Decimal fractions in school mathematics in Great Britain and North America, 1667-1887. (English)

Bjarnadóttir, Kristín (ed.) et al., “Dig where you stand" 3. Proceedings of the third international conference on the history of mathematics education, Uppsala University, Sweden, September 25‒28, 2013. Uppsala: Uppsala University, Department of Education (ISBN 978-91-506-2444-1). 169-186 (2015).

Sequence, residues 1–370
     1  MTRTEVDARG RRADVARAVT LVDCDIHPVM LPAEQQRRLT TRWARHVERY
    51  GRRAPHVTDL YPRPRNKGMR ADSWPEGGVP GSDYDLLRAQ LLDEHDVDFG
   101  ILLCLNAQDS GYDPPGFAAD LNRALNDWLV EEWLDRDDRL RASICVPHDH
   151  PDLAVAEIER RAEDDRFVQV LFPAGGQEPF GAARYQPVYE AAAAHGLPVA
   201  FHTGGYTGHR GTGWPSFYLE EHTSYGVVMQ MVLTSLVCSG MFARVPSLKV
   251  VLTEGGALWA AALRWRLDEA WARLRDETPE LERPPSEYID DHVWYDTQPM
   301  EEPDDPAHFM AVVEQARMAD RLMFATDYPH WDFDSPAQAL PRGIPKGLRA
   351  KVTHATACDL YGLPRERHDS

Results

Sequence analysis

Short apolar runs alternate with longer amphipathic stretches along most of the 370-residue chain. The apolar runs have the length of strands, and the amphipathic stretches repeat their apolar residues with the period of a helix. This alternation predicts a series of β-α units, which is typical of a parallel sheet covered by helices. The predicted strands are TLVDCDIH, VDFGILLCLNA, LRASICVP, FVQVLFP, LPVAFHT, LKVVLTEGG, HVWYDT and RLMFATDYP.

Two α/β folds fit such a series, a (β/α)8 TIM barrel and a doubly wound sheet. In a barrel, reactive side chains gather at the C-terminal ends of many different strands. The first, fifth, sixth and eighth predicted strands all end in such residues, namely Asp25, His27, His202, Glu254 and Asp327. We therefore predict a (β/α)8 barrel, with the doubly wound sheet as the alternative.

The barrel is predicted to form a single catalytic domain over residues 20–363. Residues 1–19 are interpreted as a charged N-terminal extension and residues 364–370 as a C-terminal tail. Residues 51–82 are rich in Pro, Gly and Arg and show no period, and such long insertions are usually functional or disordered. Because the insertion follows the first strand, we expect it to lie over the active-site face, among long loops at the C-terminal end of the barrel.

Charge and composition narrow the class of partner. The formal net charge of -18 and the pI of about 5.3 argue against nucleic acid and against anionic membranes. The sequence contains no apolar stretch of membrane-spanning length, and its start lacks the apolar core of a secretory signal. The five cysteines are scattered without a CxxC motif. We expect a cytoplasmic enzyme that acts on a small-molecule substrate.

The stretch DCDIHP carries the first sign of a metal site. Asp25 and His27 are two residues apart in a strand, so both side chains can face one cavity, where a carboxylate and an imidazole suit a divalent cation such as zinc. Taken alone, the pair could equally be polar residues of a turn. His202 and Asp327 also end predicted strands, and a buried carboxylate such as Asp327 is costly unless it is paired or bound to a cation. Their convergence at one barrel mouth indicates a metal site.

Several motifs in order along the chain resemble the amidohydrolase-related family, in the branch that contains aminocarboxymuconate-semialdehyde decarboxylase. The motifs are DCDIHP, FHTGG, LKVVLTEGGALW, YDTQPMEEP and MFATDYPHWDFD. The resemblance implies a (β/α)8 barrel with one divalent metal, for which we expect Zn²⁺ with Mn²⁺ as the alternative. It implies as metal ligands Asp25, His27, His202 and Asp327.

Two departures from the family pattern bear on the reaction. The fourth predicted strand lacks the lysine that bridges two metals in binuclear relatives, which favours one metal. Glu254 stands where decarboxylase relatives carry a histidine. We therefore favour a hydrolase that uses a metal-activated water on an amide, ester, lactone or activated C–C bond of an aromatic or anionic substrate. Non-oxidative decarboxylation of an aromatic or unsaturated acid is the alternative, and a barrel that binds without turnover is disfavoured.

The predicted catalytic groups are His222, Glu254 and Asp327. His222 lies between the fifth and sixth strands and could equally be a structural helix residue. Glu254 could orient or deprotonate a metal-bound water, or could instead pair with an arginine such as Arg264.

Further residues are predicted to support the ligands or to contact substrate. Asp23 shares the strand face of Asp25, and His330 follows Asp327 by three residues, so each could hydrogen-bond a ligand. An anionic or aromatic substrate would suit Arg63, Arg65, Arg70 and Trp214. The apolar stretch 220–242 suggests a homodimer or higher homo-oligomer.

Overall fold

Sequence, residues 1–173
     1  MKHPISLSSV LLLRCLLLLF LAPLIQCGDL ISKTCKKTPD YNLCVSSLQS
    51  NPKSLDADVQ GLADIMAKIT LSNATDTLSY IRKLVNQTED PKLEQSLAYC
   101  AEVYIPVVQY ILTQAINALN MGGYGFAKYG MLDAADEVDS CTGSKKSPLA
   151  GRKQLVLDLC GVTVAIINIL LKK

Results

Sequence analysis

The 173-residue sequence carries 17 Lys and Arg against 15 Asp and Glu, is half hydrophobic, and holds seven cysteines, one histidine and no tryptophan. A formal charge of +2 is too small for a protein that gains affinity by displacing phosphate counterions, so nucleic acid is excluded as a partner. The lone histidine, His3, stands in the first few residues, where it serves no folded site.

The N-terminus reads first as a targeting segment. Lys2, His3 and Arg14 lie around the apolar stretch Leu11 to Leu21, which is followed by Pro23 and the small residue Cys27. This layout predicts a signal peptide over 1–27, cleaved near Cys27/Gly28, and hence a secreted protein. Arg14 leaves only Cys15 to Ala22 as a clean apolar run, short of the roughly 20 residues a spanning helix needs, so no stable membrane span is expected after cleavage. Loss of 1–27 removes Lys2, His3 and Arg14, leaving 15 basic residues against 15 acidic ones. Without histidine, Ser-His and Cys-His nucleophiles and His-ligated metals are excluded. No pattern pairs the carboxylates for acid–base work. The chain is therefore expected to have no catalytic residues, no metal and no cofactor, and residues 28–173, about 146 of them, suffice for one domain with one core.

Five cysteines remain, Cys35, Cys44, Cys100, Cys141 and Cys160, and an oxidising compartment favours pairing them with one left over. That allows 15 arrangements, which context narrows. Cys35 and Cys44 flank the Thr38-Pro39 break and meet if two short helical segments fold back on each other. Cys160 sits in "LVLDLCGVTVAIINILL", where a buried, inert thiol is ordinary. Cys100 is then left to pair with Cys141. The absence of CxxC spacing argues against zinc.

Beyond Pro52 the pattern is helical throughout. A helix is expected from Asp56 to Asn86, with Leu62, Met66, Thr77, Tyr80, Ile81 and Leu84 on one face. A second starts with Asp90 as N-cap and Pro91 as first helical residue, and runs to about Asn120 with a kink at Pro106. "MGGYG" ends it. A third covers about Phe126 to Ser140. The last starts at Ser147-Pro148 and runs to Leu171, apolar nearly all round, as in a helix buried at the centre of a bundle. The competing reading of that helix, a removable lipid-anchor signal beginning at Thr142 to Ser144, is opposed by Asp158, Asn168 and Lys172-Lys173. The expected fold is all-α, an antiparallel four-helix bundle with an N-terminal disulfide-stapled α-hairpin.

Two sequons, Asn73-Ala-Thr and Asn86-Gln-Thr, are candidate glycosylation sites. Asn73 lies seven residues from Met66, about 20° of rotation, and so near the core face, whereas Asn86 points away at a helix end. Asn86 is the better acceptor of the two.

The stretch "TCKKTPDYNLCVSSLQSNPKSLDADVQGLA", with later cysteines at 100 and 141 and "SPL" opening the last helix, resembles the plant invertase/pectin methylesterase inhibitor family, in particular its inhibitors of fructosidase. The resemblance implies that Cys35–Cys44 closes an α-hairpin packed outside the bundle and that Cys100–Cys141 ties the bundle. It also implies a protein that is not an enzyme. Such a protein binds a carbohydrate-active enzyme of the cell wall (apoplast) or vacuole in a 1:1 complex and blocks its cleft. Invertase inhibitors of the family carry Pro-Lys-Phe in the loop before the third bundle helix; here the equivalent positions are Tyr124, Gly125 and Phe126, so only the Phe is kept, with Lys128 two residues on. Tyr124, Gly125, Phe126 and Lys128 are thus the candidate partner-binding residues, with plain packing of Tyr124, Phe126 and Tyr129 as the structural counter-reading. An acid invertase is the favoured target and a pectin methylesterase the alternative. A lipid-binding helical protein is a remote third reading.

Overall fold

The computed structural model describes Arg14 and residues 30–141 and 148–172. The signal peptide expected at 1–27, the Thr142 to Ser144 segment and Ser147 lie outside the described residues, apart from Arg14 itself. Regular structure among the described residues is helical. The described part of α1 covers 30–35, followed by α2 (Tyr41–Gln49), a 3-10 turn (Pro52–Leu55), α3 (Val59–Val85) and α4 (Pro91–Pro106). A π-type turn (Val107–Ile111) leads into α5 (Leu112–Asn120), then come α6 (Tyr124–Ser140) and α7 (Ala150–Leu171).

Summary: This chapter examines the extent to which decimal fractions were part of school arithmetic curricula in Great Britain and in North America during the period 1667‒1887. We assume that whereas the curriculum intended by a textbook author can be identified by studying what that author wrote, a teacher’s implemented curriculum is more likely to be identified by studying what students wrote in cyphering books. Analyses of a large number of textbooks and cyphering books revealed that although most textbooks included sections on decimal fractions, before 1792 relatively few students in British or North American schools actually studied decimal fractions. In the nineteenth century, however, higher proportions of North American students than British students studied decimal fractions. The change in the relative emphasis on decimal fractions is explained in terms of the theoretical lens of “lag time".